TPS visit to China could impact nation’s educational system


TPS Supt. Kelly Coffin stands with a silk banner featuring calligraphy, which was a gift from a contingent of Chinese educators, during an ongoing exchange program. Photo by Kerry Hamilton Smith.

Tecumseh Public Schools (TPS) is part of a program that could conceivably change the educational system in China. A contingent of nine TPS administrators and teachers recently returned from a three-week learning experience that will also lead to modifications in the way Tecumseh students are taught.

Dr. Kelly Coffin, superintendent of TPS, was part of the group that included teachers Chelsea Anastasoff, Julie McDowell, Linzey Yeaster, Chelsey Elliott, Joyce Lammers, Lindsey Day, and Mike McDowell and Principal Deidra Thelan.

“The impact that Tecumseh Schools is having on China is amazing,” Coffin said.

The journey began through Dr. Jim Berry from Eastern Michigan University while Coffin was attending leadership training. It was there she met Wong Hong Shan, who goes by the American name Wendy. She is a successful business person and head of a private boarding school in China. She is so respected that the Chinese government asked Wendy to study ways to improve the Chinese educational system. After further discussion, Wendy asked Coffin if she’d like to partner with her school and come to China at Wendy’s expense.

More discussions took place, the TPS Board of Education approved the plans and Coffin and a group of Tecumseh educators took their first trip last year. This year they left on June 28 and returned July 19. They stayed just north of the world’s most populated city, Shanghai, which is “New York on steroids,” Coffin explained. The population of the Shanghai megalopolis is 30 million. The “small city” where they stayed had a population of 1.3 million residents.

There are many similarities in both countries in terms of the value of education, but the differences offer the best opportunities for improvement. “At the heart of it all is everyone wants the best for their child,” Coffin said.

In China, Coffin explained, education is offered to everyone up to the eighth grade. Central to the Chinese educational system is standardized assessments and tests. The way a student performs on tests determines whether they will continue on to a higher level of education and attend the best schools. As a result, those students go on to higher-paying jobs. “We know that you cannot minimize a child’s talent down to a test score,” Coffin said.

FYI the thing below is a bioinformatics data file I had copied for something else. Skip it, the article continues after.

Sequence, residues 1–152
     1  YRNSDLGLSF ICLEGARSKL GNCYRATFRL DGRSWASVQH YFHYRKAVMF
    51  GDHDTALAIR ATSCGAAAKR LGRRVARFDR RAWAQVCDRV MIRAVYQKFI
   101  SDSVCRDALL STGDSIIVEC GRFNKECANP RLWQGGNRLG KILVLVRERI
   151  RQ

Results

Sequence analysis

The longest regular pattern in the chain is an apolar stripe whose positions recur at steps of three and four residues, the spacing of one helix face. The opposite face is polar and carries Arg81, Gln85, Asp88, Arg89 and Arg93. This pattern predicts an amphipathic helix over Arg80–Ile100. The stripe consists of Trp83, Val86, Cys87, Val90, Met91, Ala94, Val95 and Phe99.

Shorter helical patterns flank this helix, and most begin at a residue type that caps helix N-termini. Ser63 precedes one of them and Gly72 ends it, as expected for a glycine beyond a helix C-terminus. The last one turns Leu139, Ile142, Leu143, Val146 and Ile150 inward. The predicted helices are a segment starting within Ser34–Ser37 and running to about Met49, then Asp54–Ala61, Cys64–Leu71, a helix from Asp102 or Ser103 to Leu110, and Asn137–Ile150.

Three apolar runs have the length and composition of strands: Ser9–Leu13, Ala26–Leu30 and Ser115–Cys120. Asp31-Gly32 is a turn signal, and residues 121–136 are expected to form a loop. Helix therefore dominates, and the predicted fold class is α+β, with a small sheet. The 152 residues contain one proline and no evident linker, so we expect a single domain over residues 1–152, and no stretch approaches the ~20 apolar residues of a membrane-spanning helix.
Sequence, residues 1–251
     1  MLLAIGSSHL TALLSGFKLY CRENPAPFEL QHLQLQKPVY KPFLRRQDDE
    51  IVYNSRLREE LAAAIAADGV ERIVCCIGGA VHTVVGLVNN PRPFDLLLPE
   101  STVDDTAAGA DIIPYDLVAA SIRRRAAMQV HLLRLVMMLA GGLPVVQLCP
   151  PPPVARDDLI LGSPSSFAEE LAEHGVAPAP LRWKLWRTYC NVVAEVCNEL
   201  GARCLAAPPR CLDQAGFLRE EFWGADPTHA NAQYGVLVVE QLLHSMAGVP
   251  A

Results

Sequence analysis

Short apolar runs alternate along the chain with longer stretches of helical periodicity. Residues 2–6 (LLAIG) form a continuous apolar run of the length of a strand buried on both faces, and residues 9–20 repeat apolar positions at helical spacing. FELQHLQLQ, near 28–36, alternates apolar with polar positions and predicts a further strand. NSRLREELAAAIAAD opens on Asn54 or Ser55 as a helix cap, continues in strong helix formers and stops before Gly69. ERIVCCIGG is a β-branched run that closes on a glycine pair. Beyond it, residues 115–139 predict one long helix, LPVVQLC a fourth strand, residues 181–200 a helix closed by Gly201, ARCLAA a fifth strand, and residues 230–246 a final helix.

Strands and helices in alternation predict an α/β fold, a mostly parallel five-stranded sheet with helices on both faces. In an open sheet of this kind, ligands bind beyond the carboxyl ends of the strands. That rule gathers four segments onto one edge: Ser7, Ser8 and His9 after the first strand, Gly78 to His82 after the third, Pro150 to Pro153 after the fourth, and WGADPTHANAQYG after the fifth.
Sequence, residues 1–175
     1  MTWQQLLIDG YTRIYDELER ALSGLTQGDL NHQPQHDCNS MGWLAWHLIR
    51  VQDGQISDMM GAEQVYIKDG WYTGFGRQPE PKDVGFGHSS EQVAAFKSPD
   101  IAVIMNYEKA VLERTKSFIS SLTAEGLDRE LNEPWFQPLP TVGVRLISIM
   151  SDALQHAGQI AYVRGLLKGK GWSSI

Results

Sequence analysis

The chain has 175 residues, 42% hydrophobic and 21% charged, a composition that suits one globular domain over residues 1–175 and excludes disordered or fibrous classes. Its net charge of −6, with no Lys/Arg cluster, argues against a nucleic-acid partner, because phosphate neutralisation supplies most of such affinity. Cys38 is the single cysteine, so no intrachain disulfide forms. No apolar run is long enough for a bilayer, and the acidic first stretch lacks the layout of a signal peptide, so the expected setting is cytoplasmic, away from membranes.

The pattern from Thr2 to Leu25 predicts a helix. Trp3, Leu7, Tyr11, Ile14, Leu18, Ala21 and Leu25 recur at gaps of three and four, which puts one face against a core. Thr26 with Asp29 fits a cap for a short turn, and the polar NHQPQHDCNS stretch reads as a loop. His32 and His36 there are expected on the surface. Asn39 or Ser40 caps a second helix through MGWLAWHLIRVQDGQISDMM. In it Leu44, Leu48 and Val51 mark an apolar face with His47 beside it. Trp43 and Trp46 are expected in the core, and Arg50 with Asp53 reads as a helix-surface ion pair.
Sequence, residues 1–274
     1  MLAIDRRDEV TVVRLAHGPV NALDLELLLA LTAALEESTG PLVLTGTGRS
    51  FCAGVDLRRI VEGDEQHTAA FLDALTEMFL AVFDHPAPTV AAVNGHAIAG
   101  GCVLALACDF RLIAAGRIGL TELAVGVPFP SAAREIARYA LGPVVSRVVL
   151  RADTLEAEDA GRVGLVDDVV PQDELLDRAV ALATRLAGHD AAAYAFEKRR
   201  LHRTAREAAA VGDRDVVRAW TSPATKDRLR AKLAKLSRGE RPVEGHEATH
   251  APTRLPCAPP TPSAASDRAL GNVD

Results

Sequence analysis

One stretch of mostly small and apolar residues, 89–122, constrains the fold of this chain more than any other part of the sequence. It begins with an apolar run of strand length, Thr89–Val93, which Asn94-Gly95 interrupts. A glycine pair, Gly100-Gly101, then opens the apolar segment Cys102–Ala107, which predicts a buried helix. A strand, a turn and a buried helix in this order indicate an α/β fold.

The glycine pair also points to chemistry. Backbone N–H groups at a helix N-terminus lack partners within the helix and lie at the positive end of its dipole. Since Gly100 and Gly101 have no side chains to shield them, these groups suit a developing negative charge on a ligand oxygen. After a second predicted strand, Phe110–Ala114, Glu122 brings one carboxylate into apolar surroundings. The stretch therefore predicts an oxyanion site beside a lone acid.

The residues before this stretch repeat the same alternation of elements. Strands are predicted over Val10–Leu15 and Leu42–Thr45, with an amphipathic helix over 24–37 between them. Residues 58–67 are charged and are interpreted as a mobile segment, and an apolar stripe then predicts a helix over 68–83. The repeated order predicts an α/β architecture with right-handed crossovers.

Coffin explained that parents in China work long hours so their children can attend boarding schools in order to receive guidance, complete homework and attain the best test scores. “Their entire family structure is centered on education,” Coffin said. “The family unit is rock solid. They truly sacrifice to make sure their children get the best.”

In the U.S., critical thinking and problem-solving are part of the curriculum for all students. Wendy’s goal is to gather ways to use these practical skills in her classrooms. She has developed pilot programs for the Chinese government, which has implemented some of the techniques her contingent of teachers learned from visiting TPS classrooms.

At the same time, TPS administrators and teachers have learned things from their Chinese counterparts they can use that will improve the way they deliver lessons. “We learned so much,” Coffin said. “We have been examining the art of teaching and what we’ve found is they are much more open. They learn from each other.” Coffin said the Chinese teachers take much more time to plan lessons. Groups of teachers will, together, spend hours on a lesson plan, then they examine it and improve upon it.

“Wendy’s commitment to us is huge,” Coffin said. “We couldn’t afford this otherwise. This is really preparing our students for the global world they’re going to enter.”

In the fall of 2017, the Chinese will send a group of students and parents to Tecumseh. Discussions have also begun to send Tecumseh Middle School students to China, but no date has been set. “This is just the beginning of a long-term relationship,” Coffin said.

It wasn’t all work while they were in China. The Tecumseh group was able to see the Great Wall of China, Forbidden City, Tiananmen Square, and the Great Panda Research Center. “The history is amazing,” Coffin said. “We (the U.S.) are such a baby in comparison. It’s almost difficult to comprehend.”

They also stayed in small Chinese village. “It’s a kind, warm culture,” Coffin said. “There’s no security. No guns. We never felt unsafe.”

However, they did feel like they were celebrities. Coffin said most Chinese don’t travel outside of their village so seeing an American was an anomaly. Having 30 people take their photos at once was not out of the question. In one instance, the entire Tecumseh group was asked to be a part of a family photo.

One of the things that has made it easier to travel to China is that all students there start learning English in the third grade. With 57 different languages, minorities are based on the language spoken. While there is poverty and homelessness, those people are not shunned like they are in the U.S., according to Coffin. “It’s just part of the fabric of the city,” Coffin observed. “We’re more the same than different. We all want a strong family connection. We all want to be safe and secure.”


Tecumseh Herald


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Tecumseh, MI 49286

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